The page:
So, no. I don’t like it anymore than I like prohibition against divorce. Marriage is an institution of choice in this country and its willing participants would do we’ll to think about what they are signing up for. You (general “you” not Jamey-specific “you”) can have commitment in or out of marriage. Serial monogamy may be a real solution for some people (no judgment there) but it isn’t marriage. And whatever else adults (consenting or otherwise do), children would suffer tremendously under this hypothetical. That said, when I say “marriage”, I unequivocally mean two consenting, unrelated adults, regardless of whether they are the same gender. For whatever that’s worth. (Typed this on my cell phone, so if it is disjointed or has typos, I am blaming the limitations of the technology in my hands.)

    • January 13, 2010 2:22 pm

      So as preposterous as it sounds, what would you do if this bill were passed today?

      • Dionne permalink
        January 13, 2010 2:34 pm

        Jamey,

        I would move to Canada.

        • January 13, 2010 3:06 pm

          If this bill were passed today, I would allow my marriage to expire, but I would neither cheat nor remarry. *Especially* if I had children at that point, I would tell my husband I expected him to stay with me, remain faithful, continue our committed relationship and help raise children (emotionally an financially) without the state’s involvement. Finally, this hypothetical system would absolutely crap all over property and inheritance rights in addition to all of the other points we’ve raised if instituted, as more food for thought.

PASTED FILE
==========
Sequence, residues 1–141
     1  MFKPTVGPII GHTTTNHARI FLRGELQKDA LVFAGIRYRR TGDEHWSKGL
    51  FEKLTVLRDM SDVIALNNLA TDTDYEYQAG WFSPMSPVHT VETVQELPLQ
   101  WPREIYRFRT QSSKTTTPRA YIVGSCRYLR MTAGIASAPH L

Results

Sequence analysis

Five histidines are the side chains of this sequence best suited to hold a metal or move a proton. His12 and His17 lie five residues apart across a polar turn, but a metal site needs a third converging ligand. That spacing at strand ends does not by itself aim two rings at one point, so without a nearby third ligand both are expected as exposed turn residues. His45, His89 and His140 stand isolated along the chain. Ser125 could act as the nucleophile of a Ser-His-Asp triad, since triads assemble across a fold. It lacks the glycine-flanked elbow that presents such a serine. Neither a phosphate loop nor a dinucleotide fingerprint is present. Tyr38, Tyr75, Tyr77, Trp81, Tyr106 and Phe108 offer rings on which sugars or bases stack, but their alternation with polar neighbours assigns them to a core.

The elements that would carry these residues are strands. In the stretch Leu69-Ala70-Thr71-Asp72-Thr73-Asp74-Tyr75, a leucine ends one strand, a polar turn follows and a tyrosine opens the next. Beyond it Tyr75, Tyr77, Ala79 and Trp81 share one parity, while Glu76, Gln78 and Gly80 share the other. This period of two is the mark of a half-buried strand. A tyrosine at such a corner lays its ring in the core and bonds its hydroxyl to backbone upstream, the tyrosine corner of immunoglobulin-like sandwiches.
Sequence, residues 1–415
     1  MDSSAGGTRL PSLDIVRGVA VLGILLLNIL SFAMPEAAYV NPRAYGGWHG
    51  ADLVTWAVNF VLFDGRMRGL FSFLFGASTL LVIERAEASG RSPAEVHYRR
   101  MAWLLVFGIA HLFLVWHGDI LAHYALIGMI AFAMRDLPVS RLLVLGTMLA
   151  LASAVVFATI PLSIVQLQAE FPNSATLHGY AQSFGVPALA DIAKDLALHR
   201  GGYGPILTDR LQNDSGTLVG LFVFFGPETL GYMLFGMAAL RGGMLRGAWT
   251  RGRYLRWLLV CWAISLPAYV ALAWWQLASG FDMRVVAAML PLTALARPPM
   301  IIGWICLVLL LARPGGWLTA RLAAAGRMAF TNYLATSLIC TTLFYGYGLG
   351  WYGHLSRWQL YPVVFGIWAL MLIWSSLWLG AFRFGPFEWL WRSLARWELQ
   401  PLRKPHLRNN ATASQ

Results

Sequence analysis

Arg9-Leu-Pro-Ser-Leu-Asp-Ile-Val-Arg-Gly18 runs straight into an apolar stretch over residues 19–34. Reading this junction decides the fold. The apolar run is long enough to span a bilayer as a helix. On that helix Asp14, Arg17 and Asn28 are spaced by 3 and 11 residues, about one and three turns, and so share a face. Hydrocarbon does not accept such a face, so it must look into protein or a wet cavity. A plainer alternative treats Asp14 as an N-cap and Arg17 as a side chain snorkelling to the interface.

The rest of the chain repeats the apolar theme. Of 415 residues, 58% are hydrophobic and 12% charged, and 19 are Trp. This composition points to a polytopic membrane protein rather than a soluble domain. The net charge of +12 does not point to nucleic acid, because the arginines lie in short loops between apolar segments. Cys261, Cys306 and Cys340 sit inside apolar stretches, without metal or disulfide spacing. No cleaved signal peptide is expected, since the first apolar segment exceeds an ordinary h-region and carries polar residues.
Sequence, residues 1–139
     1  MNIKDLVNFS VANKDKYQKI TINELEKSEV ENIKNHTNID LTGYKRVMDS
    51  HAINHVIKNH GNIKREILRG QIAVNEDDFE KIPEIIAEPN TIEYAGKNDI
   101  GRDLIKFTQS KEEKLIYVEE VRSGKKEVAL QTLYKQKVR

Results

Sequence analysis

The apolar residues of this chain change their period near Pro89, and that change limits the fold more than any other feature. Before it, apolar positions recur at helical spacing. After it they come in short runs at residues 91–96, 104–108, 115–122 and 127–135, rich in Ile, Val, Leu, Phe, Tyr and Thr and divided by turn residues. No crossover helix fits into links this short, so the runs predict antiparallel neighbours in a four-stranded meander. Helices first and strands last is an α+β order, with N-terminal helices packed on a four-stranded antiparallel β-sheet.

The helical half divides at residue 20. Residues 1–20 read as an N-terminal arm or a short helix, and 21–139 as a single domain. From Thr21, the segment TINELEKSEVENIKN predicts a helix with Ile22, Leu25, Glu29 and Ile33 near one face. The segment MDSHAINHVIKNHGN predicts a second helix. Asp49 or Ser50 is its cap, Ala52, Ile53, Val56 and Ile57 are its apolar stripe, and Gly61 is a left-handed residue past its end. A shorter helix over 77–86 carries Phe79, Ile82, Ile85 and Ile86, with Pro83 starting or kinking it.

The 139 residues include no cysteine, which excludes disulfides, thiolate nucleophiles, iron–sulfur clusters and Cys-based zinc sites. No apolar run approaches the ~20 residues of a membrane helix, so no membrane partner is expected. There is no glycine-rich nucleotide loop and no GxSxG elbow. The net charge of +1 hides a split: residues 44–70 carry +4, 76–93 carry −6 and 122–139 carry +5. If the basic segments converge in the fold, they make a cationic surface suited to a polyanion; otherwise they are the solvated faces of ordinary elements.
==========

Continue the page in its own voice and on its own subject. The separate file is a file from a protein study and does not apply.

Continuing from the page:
• January 13, 2010 3:10 pm

            Which brings us to a certain kernel of truth: the *commitment* that inspires marriage is about love, but the *institution of marriage* is about legal rights and stability more than love.

          • January 13, 2010 6:05 pm

            Indeed, this system would crap all over property and inheritance rights…I’m sure I could figure out how all of that works if I write a short story from this idea.

  7. January 13, 2010 2:36 pm

    What you’re proposing is essentially term-limits for married couples. But instead of at least two terms, you’re giving them just one – and for a period of time less than that given a United States Senator. Under these circumstances, my hunch is that people would be more concerned and preoccupied with securing (i.e. campaigning for) their next relationship, than actually sitting back and enjoying the relationship they are in.

    Congress may also wish to attach a rider to this bill, in which they provide Cold-War-level funding for the nation’s family law courts, as their new law might create issues relating to the child custody and the division of marital assets.

    • January 13, 2010 6:11 pm

      Term limits for marriages…well said. So what are some of the reasons we have term limits on senators and presidents: One, it prevents dynasties and promotes change, hopefully good change. Two, people get used to the status quo. Why bring in someone new who could mess things up when the current guy isn’t doing that bad? (Which is a fallacy–people just fear change.)

      So you think you’d always be looking ahead instead of enjoying what you have? I guess if you feel the need to be in a relationship at all times, that might be the case. But otherwise you could just be single for a while.